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11: Shu-Ha-Ri【Kusahara Katsuhide, Chairman of JKA 】

11: Shu-Ha-Ri【Kusahara Katsuhide, Chairman of JKA 】

11: Shu-Ha-Ri【Kusahara Katsuhide, Chairman of JKA 】

Kata plays an important role not only in budo (martial arts) but also in other arts such as geido (performing arts), sado (tea ceremony), and kado (flower arrangement), all of which are considered to be the traditional Japanese do (the way). This is because kata contains complex and profound principles of skills that cannot be conveyed through words or simple movements. What is especially important is that it includes not only physical movements, but also complex techniques such as ki (intent), ma (distance and timing), breathing, and the state of mind, all in a single coherent method.

The Noh actor Zeami said in his book, The Spirit of Noh (Fushikaden), that it is important to have the mindset of “never forget beginner’s spirit” in kata practice. This phrase is still often used today, but it is incorrect to use it in the sense of “never forget one’s original intention.” It essentially means that one must always remember the humble feeling of “I am still inexperienced” as a beginner and continue to work hard. Although this phrase initially refers to training in geido, it can also be applied to training in budo.

The term “Shu-Ha-Ri” sometimes describes the training process in geido. “Shu (protect)” refers to faithfully following the teachings of the master, i.e., basics. “Ha (break)” is to think and devise for oneself, i.e., independence. “Ri (detach)” is to establish one’s new world, i.e., the creation.

There are various theories as to the origin of this term. Still, some believe that it was taken from the three letters found in the poem of Rikyu Douka, a collection of teachings by Sen no Rikyu, who perfected the Wabicha style of tea ceremony: Dedicate to protect, break or detach, but never forget its essence. As seen from this poem, it is impossible for a beginner to suddenly attain the “Ha” and “Ri” levels. “Ha” can only be acquired through the “Shu” stage, and the “Ri” can only be reached after “Ha” has been achieved. And as the saying goes, “Never forget the essence,” so even if we depart from the basics, we must not lose sight of the fundamental spirit.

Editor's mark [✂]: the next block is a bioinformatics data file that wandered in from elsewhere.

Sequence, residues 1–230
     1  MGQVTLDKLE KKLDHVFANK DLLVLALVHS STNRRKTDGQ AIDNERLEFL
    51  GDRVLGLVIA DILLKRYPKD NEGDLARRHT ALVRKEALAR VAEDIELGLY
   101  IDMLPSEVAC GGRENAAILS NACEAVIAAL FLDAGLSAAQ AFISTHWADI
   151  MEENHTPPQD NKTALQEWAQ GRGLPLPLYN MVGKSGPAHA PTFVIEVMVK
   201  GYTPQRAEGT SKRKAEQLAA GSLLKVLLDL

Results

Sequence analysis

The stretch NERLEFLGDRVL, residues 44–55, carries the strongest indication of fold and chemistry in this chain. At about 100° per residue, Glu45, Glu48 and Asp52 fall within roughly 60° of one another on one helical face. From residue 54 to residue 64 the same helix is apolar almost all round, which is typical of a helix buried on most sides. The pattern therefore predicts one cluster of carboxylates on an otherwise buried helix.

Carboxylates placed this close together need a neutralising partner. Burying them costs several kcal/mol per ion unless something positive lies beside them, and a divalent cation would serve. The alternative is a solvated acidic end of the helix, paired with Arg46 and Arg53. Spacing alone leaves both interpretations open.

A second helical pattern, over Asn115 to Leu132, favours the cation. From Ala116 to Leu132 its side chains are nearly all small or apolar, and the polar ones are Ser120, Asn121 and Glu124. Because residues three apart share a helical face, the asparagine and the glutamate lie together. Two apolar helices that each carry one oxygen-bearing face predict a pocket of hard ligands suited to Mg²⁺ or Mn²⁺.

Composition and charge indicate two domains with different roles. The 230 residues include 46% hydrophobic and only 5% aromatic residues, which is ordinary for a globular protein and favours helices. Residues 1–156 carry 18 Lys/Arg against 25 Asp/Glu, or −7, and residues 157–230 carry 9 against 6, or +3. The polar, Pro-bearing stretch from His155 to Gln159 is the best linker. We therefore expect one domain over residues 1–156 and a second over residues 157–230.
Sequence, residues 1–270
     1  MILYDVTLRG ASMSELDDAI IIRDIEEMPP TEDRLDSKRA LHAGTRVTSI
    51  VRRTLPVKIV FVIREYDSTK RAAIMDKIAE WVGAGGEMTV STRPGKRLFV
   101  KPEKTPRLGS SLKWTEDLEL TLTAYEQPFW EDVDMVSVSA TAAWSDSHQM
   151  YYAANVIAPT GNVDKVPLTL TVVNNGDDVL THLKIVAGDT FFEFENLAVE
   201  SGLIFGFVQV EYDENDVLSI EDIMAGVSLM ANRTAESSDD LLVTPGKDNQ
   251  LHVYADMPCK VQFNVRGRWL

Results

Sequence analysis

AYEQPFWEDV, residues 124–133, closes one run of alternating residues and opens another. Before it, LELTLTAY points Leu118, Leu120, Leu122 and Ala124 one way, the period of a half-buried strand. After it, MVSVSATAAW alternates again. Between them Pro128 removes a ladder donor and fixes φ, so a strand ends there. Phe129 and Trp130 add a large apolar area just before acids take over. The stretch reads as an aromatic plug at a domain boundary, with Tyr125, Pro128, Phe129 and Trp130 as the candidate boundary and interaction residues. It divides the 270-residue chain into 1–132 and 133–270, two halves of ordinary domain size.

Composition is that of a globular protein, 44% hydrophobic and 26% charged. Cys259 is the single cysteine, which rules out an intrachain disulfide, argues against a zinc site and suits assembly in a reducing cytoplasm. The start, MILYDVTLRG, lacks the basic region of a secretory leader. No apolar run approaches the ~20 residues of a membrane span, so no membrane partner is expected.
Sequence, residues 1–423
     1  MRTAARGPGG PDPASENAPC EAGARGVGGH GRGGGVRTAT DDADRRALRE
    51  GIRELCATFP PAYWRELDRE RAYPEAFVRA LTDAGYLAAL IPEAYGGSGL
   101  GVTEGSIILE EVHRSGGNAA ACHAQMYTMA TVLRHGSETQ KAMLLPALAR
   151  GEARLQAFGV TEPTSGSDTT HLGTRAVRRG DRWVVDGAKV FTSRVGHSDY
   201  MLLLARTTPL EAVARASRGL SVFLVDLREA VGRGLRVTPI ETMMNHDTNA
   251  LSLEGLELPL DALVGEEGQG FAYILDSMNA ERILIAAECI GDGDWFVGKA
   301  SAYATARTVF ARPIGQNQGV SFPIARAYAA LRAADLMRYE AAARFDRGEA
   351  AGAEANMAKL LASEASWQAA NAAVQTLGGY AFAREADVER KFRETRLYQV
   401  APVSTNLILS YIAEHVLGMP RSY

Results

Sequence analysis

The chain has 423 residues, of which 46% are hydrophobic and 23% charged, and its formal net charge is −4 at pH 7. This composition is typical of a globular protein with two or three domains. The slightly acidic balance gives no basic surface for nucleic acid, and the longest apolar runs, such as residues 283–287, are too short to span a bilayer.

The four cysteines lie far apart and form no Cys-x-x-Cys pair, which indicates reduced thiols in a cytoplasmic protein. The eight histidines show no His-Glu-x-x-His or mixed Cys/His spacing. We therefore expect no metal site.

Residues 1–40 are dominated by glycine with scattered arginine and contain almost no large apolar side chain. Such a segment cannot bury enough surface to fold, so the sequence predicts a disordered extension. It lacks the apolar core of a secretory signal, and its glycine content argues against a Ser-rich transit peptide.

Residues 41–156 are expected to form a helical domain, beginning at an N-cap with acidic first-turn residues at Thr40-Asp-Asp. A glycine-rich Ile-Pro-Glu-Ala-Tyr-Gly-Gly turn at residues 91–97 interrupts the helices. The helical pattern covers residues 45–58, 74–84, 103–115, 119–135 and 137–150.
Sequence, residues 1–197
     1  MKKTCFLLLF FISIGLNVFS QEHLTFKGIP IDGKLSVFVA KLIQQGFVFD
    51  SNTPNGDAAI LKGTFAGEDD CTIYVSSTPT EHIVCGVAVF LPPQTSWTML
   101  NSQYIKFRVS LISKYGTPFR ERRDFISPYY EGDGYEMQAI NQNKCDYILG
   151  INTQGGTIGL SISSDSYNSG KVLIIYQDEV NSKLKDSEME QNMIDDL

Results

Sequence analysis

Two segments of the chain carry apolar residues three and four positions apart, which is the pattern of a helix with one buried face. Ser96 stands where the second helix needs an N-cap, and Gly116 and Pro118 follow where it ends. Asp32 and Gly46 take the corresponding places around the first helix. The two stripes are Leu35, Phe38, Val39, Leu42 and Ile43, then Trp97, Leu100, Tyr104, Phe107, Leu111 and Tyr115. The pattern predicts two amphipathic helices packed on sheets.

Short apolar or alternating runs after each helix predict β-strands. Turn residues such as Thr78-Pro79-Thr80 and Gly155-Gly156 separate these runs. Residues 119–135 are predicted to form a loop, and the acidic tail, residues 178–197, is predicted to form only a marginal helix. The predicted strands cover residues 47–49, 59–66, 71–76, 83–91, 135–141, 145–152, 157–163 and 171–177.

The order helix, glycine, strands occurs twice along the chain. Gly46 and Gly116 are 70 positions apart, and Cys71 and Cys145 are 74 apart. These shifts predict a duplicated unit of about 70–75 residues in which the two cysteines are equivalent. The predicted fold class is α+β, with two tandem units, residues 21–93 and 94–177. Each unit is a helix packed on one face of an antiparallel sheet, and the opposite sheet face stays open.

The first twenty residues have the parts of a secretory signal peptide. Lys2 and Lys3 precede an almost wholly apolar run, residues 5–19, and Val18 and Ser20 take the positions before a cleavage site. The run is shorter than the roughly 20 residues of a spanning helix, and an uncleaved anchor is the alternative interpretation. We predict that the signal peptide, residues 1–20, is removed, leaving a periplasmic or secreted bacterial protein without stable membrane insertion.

Shu-Ha-Ri is a simple expression of the three stages of training. This term applies not only to karate but also to all budo training. In other words, first, you must master the kata taught by your instructors, then establish your own kata, and from there, you must aim for a free state of mind that is not bound by the established kata.

As such, budo practitioners have much to learn from geido, which cherishes its long-established traditions. It is truly learning from the past, or Onko Chishin in Japanese. Today, the term Shu-Ha-Ri is not limited to sado or budo but is also widely used to describe an essential process in a person’s development as a human being.

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